Now add an elevator that can climb the carbon ladder and deliver you right up to the top of the world, more than 22,000 miles up. And what’s at the top? A hotel for space tourists, of course. A real destination that you can visit as many times as you wish, vacation time permitting.

If you compare the ladder to your life, the base cemented into the ocean is your past. The cement, your family; the ocean, your friends. This is your watery world. Now step into the elevator cabin and thrill as you climb the carbon ribbon toward the sun. This remarkable journey is your present. You’ve got to shield yourself from the radiation all around you. And protect yourself from electrical storms. Those are the challenges your life brings your way. At the top is your future, that space hotel in the sky with every amenity available in the universe. What a vacation! You can’t imagine that future, you simply have to experience it. It’s the enormity of space: who can know what it will bring? Since it will take many days to reach the top, you’ll need a few months of time to fully enjoy your space hotel.

But then, probably too soon, your vacation is over and you must descend. Your past becomes your future, your return to your beginnings. The journey is still pleasant, though your ears may pop. But unlike the space hotel orbiting the earth, your final destination is known. Your future is no long a mystery. You’re going back. You’re going home. Your future becomes your past. Your present repeats, though in reverse.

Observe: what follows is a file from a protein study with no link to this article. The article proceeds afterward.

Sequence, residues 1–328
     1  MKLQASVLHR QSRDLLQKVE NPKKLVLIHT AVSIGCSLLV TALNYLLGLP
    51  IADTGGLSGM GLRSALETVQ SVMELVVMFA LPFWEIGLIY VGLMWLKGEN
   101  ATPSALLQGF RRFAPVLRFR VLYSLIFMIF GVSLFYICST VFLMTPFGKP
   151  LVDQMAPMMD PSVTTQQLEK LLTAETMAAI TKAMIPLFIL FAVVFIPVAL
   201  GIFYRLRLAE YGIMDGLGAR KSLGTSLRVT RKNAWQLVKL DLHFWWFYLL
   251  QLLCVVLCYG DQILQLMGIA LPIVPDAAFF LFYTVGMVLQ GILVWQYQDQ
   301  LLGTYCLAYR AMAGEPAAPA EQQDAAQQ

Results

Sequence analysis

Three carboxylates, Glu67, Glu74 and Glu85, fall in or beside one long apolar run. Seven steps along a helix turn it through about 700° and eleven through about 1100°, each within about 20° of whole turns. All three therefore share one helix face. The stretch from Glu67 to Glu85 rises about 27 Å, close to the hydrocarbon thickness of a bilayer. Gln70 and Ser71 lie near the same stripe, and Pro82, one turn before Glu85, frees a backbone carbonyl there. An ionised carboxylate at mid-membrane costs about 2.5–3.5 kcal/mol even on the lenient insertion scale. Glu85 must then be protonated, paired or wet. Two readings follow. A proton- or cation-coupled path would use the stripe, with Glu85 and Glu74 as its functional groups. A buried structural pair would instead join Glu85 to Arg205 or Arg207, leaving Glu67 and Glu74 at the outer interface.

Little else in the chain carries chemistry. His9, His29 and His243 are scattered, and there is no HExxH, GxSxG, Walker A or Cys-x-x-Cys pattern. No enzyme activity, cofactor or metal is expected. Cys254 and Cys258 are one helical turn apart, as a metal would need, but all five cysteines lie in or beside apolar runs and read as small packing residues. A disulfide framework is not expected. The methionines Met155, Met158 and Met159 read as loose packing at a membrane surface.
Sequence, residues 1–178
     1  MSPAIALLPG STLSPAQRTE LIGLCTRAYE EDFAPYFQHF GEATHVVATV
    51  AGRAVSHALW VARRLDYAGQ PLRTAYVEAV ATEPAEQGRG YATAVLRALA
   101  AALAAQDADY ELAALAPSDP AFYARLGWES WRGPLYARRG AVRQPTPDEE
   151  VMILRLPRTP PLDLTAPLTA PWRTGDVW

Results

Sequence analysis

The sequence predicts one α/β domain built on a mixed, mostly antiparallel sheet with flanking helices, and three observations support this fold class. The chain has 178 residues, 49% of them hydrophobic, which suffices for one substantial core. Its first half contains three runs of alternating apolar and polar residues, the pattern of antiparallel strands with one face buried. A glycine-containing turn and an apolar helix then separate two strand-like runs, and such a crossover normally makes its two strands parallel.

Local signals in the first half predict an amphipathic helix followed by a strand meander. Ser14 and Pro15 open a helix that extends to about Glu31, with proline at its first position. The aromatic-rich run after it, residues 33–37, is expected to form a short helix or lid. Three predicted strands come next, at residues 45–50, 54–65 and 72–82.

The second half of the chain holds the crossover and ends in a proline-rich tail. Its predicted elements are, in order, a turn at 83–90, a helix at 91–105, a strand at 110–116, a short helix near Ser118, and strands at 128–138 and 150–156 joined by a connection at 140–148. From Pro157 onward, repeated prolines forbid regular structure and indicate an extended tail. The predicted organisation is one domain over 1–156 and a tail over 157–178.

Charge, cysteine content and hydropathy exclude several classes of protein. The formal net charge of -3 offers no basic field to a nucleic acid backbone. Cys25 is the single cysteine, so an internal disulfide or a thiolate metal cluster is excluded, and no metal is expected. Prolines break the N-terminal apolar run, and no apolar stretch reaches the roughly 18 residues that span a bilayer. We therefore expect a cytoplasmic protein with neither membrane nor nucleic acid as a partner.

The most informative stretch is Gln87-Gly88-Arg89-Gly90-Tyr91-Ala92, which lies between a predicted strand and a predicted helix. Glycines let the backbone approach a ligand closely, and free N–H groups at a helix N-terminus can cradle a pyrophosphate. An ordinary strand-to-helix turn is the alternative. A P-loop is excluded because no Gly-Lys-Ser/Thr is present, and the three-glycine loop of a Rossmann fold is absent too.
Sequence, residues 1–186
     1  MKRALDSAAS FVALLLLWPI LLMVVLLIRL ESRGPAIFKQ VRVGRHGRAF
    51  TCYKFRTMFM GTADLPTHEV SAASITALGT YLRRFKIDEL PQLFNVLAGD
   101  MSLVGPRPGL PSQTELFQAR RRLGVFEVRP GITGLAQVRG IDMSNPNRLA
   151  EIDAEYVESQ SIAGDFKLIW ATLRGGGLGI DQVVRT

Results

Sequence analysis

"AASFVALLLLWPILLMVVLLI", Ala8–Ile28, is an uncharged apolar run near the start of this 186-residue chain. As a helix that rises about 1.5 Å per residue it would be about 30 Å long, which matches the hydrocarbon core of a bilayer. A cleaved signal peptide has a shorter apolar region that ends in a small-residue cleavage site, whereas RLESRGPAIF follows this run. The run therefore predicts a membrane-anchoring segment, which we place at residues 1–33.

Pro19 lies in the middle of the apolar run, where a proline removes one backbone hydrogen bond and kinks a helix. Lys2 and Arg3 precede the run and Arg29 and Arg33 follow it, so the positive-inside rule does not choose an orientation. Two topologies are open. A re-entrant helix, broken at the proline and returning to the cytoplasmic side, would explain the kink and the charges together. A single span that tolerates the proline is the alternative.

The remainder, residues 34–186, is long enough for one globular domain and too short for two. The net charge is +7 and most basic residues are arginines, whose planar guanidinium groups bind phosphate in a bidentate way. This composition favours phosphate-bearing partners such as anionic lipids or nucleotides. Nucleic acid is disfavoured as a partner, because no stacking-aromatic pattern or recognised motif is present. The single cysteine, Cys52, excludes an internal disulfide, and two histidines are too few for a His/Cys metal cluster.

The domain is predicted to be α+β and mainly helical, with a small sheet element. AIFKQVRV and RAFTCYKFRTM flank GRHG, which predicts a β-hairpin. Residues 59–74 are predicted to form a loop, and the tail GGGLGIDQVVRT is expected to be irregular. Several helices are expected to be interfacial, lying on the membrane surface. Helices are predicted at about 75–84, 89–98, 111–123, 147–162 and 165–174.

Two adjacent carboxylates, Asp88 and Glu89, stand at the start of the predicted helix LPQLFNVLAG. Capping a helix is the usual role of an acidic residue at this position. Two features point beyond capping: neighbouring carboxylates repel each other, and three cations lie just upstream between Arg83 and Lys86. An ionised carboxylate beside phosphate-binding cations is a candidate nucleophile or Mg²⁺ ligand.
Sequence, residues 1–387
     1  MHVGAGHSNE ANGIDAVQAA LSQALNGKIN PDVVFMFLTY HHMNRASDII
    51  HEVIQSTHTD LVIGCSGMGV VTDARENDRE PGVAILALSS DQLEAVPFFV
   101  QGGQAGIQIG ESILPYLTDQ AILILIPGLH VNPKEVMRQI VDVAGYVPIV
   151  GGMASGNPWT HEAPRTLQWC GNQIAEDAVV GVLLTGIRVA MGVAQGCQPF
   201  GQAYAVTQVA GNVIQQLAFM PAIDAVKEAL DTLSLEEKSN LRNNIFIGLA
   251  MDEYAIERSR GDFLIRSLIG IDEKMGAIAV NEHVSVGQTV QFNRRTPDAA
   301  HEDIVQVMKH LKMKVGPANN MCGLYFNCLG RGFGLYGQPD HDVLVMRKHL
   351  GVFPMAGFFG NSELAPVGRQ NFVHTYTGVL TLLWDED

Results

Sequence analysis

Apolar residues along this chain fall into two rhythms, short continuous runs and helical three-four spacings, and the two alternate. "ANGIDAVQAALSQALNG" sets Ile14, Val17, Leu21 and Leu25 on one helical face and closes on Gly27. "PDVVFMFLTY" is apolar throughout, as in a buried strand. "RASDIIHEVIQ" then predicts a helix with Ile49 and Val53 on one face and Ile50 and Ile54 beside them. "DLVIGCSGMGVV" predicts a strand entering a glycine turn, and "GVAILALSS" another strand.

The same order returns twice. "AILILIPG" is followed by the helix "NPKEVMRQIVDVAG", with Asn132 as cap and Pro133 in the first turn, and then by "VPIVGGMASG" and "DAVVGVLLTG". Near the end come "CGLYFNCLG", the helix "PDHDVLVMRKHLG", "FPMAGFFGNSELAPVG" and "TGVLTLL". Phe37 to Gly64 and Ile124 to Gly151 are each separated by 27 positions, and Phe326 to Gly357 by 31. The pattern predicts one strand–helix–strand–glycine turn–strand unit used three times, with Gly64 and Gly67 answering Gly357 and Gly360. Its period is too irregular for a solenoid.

How is it possible to know your future? How can you choose a future, when only the present is real? Maybe we live in parallel universes, where at any given time, what’s real can vary. I wonder if the only way to figure out why you exist is to take that carbon nanotube ribbon of a space elevator into the sky. Up through the clouds, up past the atmosphere, up into the coldness of space, up where the earth holds us but still allows us to spin freely in time, in utter darkness and emptiness. Time is a long, long ladder. But I wonder which way to travel on it. Which way is real. Which way?

PS Space elevators and carbon nanotube space ladders are real concepts originating in science fiction, but currently being designed and developed. Someday, you’ll be able to take your vacation up a very thin ladder to a space hotel in the sky.



Florida Revisited


I thought I would write prose about my trip to Florida in July to see the final space shuttle mission. But it turns out that I am more inspired to write poetry about my experience.


Florida Revisited

I sat on the edge of the bayspace-shuttle
In the sandy green weeds
And watched
In near fatal pain and agony
As the liftoff began
Those seconds of flight
3 – 2 – 1 and liftoff
And the horizon filled
With a fiery light
A vertical prayer
Answering my call
Pull away! Set me free!
A vortex of glowing flame
A roar
And then Pele, the goddess of fire
Flung a column